This is part two of a two-part series on environment recognition. See part one here: ‘Modern SAM requires ‘Environment Recognition’ as much as ‘Software Recognition’.
In my last article I explored the concept of ‘environment recognition’. I suggested that modern Software Asset Management (SAM) is not just about recognizing software in your estate and counting installs, but also understanding the environment in which it is used. In this article I will explore some real life examples of license models that require environment recognition.
There is a convergence in the industry between software, hardware and configuration detail in license models. You could argue that this is mainly due to Moore’s law and the logarithmic growth in processing power and virtualization technologies in datacentres.
Software publishers can maximize license revenue by aligning themselves to this growth in computing power. If software publishers were only charging for their software based on installs they would be missing out on significant leaps forward in innovation and value from the software.
The convergence between SAM and Hardware Asset Management (HAM) has serious impact to how we measure compliance, usage and value and is causing many organizations to revisit their entire SAM strategy.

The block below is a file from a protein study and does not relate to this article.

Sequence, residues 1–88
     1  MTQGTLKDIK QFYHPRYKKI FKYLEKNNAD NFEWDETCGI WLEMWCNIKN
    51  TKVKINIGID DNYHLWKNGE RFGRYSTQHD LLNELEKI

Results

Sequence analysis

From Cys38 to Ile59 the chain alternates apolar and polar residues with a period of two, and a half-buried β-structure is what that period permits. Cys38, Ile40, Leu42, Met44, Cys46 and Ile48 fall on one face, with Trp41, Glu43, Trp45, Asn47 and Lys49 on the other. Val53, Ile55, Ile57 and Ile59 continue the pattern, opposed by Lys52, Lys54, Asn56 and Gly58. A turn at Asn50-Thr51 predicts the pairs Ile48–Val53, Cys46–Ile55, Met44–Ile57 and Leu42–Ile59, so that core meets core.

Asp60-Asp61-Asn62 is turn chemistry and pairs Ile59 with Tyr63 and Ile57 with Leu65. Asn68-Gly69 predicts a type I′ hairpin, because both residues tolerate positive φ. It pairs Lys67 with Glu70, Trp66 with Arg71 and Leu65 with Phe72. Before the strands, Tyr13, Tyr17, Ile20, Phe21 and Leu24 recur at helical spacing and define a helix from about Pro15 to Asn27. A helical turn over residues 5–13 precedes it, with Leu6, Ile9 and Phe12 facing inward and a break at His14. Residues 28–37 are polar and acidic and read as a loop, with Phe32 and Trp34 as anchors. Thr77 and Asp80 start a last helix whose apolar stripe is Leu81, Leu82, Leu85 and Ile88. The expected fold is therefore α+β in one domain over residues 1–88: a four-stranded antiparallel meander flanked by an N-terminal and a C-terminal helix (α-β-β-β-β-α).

The following license models are examples of high value software that requires much more than simply counting the number of installs in order to verify compliance:
Around 80% of organisations are making the shift from device to user centric agreements when renewing with Microsoft ~ Paul McAdam #bcscmsg
— Martin Thompson (@itammartin) June 10, 2014
At ITAMS, we recommend to clients that a SKU Catalogue underpin their SAM strategy.
A SKU catalogue allows organizations to build a verified system of record to capture all of the environmental conditions required to measure compliance, usage and maximize value from software investments…. No matter how many inventory and procurement sources the Asset Manager may be juggling with!